How to Build a Career as a Writer: Advice from 12 Years of Writing Workshops

In a good writing workshop, you learn more than just the subject you signed up for. You also get time in a small group with one of those mythical creatures that many of us dream of becoming one day: someone who writes for a living. Workshops are one of the few chances you get to ask well-known authors questions about writing life – including how to build one of your own. Here, from twelve years of notes from writing workshops, are the nuggets shared by author-instructors on making it as a writer.

On Finding the Time to Write (Or Stealing It)

“Most artists need to buy materials. Our material is time. You have to figure out what your habits are that will allow you to steal time. You will never have more of it. You’ve got to figure out how to steal it and section it off.”—Mat Johnson: Building the Novel, 2013
“If you have a day job, stick to one project at a time.”—Ann Hood: Beginnings, 2012
“Most writers have day jobs, and the more relaxed or different from writing your day job is, the better for you as a writer.”—Ana Menendez: Oulipo Writing Tricks, 2011
“If you want to move toward money, you are selling things. If you’re just expressing yourself, you are moving away from the signs of success. Time is money. How will you get paid for your time?”—Steve Almond, Short Stories that Sing, 2009

On Getting Better

“Reading great literature isn’t how you learn to write. It’s how you get inspired to write. You learn the most by reading writers who are equal to or not as good as you and explaining what works and what doesn’t work.”—Steve Almond, Short Stories that Sing, 2009
“Revision is a muscle you build up as if you were doing sit-ups.”—Rick Moody, Revision, 2008
“Draw a circle. . . . Okay, now look at your circle. Your circle sucks. You know what a circle is, but you’re no Michaelangelo. (According to legend, he drew a perfect circle as part of his resume for the Sistine Chapel). When you get locked in on the idea of only looking at what you actually wrote, it’s like trying to fix the circle you drew. You make it worse. Instead, accept your “circle” and work with what it’s becoming. Be willing to change based on what you see. What you end up getting led to if you follow what you have on the page will be better than your original idea. And it will be alive.”—Mat Johnson: Building the Novel, 2013
“There is no such thing as a fabulous, publishable first draft.”—Ann Hood: Beginnings, 2012
“Revision is a do-over. How many of those do you get in real life? Enjoy it. You can go back and make it beautiful.”—Nick Garnett: Once More from the Top, 2011

On Plugging Away and Doing the Work

“In marathon running, you can’t think about the finish line. You have to incrementally think about the next goal in sight. Eventually you get to the finish line. Novels are like that. The finish line is an abstraction, for both you and readers. One of the keys to creating momentum in a narrative is to have lower-order goals. Characters should want something in every scene… there needs to be a micro-finish line. There’s got to be a goal within the scene.”—Benjamin Percy: Suspense, 2015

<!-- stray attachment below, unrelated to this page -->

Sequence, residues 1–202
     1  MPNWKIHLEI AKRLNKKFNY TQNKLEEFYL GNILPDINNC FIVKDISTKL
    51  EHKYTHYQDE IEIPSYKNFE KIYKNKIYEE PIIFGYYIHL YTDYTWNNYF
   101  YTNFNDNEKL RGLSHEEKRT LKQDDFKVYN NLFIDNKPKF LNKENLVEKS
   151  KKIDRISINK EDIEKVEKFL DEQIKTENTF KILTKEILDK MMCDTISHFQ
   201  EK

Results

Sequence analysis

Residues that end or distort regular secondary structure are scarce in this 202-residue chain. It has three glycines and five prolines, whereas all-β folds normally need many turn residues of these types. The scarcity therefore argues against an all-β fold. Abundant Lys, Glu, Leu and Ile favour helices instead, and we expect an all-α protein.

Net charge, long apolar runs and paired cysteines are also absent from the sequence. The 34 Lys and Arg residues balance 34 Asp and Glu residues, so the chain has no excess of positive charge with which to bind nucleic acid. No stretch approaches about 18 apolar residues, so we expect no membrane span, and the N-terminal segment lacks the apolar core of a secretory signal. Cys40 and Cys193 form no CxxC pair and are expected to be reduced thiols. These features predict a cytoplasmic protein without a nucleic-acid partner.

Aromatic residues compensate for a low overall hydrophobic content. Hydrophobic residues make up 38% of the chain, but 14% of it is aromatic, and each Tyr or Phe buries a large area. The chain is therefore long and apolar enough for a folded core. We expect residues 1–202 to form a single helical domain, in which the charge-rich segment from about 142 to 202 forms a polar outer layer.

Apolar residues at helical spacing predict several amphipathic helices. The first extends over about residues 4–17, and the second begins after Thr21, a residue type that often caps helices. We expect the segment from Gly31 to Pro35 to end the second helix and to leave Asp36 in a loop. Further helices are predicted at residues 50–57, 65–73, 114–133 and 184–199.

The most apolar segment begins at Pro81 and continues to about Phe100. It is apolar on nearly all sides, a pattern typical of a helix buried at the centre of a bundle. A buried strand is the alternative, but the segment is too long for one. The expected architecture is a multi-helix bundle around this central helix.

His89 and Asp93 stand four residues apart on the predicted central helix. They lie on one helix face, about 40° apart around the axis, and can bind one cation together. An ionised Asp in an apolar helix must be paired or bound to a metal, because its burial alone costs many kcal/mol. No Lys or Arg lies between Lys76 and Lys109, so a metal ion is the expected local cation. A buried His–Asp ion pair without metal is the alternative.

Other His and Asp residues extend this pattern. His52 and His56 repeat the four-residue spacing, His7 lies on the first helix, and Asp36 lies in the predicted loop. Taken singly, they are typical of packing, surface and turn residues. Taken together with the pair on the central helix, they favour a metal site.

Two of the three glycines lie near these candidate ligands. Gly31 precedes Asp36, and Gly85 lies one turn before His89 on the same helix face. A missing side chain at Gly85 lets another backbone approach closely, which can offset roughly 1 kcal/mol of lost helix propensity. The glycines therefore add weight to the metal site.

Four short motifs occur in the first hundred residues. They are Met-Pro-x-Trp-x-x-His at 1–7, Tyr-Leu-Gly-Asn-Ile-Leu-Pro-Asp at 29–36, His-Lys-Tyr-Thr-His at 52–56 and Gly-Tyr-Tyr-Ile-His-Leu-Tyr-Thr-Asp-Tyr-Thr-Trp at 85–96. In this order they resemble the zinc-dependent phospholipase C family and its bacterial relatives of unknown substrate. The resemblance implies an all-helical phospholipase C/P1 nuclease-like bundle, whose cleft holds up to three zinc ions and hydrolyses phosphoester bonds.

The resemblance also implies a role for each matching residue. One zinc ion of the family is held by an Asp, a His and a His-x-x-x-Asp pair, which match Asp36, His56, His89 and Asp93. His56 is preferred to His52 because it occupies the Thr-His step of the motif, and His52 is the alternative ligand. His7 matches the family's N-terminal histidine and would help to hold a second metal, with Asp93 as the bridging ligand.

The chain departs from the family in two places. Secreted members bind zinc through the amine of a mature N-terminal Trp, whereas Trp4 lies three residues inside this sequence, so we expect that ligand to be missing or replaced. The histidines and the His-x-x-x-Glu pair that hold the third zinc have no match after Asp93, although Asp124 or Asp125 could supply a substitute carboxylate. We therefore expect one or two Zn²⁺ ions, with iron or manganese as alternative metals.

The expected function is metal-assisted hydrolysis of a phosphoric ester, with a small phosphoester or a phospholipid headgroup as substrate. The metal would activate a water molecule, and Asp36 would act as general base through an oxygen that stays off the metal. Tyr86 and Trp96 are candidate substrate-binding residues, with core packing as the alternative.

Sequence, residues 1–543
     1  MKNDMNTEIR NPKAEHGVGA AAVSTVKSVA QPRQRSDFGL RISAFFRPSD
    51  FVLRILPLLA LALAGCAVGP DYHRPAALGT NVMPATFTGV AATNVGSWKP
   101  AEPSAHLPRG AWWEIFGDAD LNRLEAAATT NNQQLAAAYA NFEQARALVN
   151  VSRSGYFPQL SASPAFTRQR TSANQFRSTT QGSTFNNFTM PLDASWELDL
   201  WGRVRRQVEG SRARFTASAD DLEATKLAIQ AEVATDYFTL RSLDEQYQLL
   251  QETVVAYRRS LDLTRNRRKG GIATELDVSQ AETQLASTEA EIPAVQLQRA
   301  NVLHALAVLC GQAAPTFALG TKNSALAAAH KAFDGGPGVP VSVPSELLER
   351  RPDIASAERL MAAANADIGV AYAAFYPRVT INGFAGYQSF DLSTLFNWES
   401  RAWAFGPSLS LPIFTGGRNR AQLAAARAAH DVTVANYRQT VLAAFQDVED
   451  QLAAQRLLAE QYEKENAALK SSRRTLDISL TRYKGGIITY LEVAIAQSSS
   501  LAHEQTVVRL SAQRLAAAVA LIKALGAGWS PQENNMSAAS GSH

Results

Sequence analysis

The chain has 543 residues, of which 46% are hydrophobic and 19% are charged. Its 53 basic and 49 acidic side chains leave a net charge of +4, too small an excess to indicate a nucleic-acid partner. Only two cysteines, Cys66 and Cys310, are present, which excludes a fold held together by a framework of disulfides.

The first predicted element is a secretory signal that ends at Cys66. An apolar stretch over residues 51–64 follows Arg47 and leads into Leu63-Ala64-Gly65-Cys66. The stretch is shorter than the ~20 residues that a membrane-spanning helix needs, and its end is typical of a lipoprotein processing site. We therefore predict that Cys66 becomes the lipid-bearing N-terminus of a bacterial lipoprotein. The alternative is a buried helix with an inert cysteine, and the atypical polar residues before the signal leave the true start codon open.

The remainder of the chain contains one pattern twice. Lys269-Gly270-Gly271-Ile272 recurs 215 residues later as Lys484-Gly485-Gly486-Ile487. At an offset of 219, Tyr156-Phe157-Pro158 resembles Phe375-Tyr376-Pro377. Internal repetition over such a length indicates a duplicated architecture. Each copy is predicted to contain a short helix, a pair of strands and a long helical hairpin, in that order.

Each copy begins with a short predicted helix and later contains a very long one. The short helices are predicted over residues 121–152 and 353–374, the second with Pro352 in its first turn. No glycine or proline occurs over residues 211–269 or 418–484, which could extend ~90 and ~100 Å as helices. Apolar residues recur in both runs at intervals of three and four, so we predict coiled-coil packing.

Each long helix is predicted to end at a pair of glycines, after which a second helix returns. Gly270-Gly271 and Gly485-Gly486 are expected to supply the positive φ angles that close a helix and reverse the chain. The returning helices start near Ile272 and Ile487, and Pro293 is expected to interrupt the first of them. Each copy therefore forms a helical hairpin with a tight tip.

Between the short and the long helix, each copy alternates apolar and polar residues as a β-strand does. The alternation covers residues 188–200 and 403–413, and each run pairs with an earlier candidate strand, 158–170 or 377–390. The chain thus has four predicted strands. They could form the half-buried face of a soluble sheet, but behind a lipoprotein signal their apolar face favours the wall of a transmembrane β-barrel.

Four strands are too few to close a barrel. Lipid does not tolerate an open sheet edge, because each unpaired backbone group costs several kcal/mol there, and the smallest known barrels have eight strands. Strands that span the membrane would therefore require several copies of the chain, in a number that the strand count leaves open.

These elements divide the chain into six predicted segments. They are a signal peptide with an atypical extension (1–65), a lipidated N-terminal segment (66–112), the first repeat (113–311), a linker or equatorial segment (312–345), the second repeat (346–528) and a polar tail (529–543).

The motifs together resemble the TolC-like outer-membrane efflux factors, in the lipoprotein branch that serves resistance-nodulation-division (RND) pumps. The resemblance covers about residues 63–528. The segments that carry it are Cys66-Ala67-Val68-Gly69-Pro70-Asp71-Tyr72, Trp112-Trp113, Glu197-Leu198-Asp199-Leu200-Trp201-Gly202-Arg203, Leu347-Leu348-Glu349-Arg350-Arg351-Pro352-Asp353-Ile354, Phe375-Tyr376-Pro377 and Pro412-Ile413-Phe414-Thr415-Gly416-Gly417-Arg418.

“You never get too old to write, but there are lots of other excuses that keep you from the keyboard. They all amount to, “I haven’t found the right balance.” . . . . Figure out what circumstances produce your best writing. Then create those circumstances.”—Steve Almond: Short Stories that Sing, 2009
“You want to get to the point where the book takes over.”—Connie May Fowler: Writing the Novel, 2010
“Sometimes you just have to work because you need to keep your head in the novel. A lot of your writing happens mentally, off the page.”—Mat Johnson: Building the Novel, 2013
“‘I’m writing,’ doesn’t always mean, ‘I’m typing.’”—Benjamin Percy: Suspense, 2015
“Most P.R. departments are understaffed. . . These days authors rarely go on big tours, but there’s also a big advantage because you can use email. You can be in your fuzzy slippers and still get a lot done.”—Paula Fernandez Rana and Jessica Jonap: P.R. for Authors, 2010
“Don’t go down with your book. The next one will be better. Being a writer is about creating a life of writing.”—Mat Johnson: Building the Novel, 2013

More about Mat Johnson | More about Ann Hood | More about Ana Menendez | More about Steve Almond | More about Nick Garnett | More about Rick Moody | More about Connie May Fowler | More about Benjamin Percy

Get your copy of Adequate Yearly Progress: A Novel

Amazon
Barnes & Noble
Books & Books, Miami
Indiebound

 

 

[gravityform id=”7″ title=”true” description=”true”]